“Better is a poor person who walks in his integrity than one who is crooked in speech and is a fool.”
Poverty — like prosperity — has its temptations. Scripture has many warnings for people who are wealthy and prosperous. This proverb, however, is a warning for people who are poor. If someone is in a condition of financial poverty, they are much better off if they live with integrity than if they are foolish and try to deceive and manipulate.
It is quite possible that the cause of the poverty in this proverb is foolish and deceitful behavior. At the very least, when a poor person acts unethically, they make their poverty worse.
Looking at the big picture, scripture doesn’t encourage poverty, nor does it discourage wealth. Wealth isn’t bad and poverty isn’t good, or vice versa. No matter where we are on the prosperity/poverty spectrum, what scripture commands is integrity, wisdom, strong work ethic, and service to others. We can do those things whether we are wealthy or poor.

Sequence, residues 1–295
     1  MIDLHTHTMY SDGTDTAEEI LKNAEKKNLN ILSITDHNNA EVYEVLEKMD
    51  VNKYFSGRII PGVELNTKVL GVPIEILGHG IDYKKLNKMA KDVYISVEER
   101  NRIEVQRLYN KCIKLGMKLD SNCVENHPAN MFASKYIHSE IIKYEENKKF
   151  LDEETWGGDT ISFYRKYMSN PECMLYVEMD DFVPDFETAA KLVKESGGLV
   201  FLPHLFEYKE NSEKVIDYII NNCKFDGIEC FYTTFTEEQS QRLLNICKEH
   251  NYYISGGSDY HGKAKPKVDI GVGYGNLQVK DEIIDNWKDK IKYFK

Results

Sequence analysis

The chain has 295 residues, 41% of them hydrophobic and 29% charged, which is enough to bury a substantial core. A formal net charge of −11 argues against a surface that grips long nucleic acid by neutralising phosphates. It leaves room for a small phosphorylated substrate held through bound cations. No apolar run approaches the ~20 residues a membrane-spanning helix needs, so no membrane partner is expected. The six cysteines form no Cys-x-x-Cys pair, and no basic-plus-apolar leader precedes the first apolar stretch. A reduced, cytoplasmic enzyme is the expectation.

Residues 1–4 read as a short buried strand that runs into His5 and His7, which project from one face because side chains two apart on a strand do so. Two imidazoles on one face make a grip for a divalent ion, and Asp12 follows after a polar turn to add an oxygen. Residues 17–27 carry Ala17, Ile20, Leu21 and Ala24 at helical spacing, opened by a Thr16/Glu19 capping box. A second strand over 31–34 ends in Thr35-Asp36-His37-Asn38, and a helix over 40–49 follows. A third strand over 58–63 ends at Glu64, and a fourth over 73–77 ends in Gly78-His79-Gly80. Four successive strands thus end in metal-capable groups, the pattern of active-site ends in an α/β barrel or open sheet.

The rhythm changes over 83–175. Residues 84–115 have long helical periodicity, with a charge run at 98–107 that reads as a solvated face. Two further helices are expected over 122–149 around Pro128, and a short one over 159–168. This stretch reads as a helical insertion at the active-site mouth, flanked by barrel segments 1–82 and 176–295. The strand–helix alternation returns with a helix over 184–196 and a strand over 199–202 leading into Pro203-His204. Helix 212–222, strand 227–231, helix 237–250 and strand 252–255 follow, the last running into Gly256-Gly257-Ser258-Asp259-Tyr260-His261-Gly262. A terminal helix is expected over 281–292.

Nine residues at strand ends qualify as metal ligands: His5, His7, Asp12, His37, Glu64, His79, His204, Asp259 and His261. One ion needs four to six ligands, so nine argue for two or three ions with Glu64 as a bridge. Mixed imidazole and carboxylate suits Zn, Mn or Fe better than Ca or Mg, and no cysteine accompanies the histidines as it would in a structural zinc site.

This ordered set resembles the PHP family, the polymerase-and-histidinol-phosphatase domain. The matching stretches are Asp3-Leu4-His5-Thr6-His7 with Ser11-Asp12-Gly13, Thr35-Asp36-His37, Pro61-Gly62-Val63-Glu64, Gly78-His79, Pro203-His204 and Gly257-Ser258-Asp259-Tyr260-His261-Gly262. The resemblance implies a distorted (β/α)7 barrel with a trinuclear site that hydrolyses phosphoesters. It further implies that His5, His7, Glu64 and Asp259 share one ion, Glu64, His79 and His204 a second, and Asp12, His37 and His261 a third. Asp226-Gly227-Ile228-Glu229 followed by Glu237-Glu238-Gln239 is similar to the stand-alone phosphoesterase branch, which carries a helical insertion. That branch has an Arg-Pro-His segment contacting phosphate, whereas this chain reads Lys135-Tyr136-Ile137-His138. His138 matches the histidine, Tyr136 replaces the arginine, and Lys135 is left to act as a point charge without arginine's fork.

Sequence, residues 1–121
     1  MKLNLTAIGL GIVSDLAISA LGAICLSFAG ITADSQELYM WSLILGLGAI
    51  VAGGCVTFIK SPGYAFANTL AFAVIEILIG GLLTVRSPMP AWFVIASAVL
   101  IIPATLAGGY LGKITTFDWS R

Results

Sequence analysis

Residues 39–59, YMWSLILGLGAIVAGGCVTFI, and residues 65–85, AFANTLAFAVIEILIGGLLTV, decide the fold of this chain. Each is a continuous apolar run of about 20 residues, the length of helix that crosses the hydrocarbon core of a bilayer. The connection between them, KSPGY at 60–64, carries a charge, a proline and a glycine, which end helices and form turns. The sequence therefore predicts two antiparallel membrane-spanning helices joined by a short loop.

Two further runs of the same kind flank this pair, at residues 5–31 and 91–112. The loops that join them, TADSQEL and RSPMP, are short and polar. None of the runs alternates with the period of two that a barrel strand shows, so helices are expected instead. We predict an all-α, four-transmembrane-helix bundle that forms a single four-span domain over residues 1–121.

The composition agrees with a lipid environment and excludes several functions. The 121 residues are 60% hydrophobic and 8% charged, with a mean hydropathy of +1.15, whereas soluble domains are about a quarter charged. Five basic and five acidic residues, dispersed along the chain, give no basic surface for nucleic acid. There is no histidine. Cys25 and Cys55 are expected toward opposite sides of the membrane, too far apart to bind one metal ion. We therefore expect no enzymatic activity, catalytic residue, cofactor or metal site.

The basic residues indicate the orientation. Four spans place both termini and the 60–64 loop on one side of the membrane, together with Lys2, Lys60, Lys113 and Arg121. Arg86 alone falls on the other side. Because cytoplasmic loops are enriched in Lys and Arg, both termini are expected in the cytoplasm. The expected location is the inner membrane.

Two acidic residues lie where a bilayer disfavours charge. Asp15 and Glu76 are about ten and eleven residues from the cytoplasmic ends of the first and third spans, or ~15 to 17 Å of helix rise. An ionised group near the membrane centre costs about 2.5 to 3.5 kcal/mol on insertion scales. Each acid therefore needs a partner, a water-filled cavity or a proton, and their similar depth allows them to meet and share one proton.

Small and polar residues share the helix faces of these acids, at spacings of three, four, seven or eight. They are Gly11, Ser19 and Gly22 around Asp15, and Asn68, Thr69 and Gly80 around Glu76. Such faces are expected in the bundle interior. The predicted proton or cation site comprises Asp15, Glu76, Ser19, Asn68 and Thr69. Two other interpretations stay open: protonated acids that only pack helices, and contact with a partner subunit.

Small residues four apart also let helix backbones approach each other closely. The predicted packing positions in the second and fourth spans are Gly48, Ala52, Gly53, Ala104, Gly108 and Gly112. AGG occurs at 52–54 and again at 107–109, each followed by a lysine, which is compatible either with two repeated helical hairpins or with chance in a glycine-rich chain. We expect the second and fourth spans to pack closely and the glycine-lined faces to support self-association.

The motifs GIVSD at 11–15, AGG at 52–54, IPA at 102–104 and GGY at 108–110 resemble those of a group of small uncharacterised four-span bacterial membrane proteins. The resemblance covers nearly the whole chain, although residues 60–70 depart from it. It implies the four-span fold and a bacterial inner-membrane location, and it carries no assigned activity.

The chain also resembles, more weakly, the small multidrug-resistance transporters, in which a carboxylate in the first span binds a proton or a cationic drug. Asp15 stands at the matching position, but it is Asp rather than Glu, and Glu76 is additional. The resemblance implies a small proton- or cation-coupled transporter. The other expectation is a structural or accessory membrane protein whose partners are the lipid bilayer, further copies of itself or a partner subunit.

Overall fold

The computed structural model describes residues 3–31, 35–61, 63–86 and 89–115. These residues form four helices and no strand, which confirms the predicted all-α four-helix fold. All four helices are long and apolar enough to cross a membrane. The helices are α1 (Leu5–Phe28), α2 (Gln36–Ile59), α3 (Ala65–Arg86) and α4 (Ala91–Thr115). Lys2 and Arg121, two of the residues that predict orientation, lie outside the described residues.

"Desire without knowledge is not good, and whoever makes haste with his feet misses his way.”
Passion without discipline is dangerous. It’s an unguided missile. Everyone has passion, but not everyone has the discipline to properly focus and manage their passion. This is the great challenge of humanity.
The apostle Peter wrote about this. “Beloved, I urge you as sojourners and exiles to abstain from the passions of the flesh, which wage war against your soul” (1 Peter 2:11). The word here for “passion” is epithumia, which can also be translated “desire.” It is sometimes translated “lust.”
Again, everyone has passion. The question is, what is the object of your passion? What do your passions want? A desire is neutral until its attached to something. A desire to serve and support people is good. A desire to lie and steal from people is bad. The desires of our new nature are good. The desires of our old, sinful nature are not good.
Peter also spoke to this in his first epistle: “Do not be conformed to the passions of your former ignorance.” The apostle is warning against the desires of our old, sinful nature. This is misdirected passion. This is the unguided missile that Proverbs 19.2 speaks about. This is desire without knowledge.
In Ephesians 4.22, the apostle Paul calls them “deceitful desires.” The passions and desires of the old nature lie to you. They promise fulfillment they cannot deliver. They first seek to deceive, then seek to destroy.
Pay careful attention to your desires and passions. What is the object of your desires? Toward what are your desires directed? What do your desires want you to do?
“Guard your heart with all diligence, for from it flow the springs of life.” (Proverbs 4.23)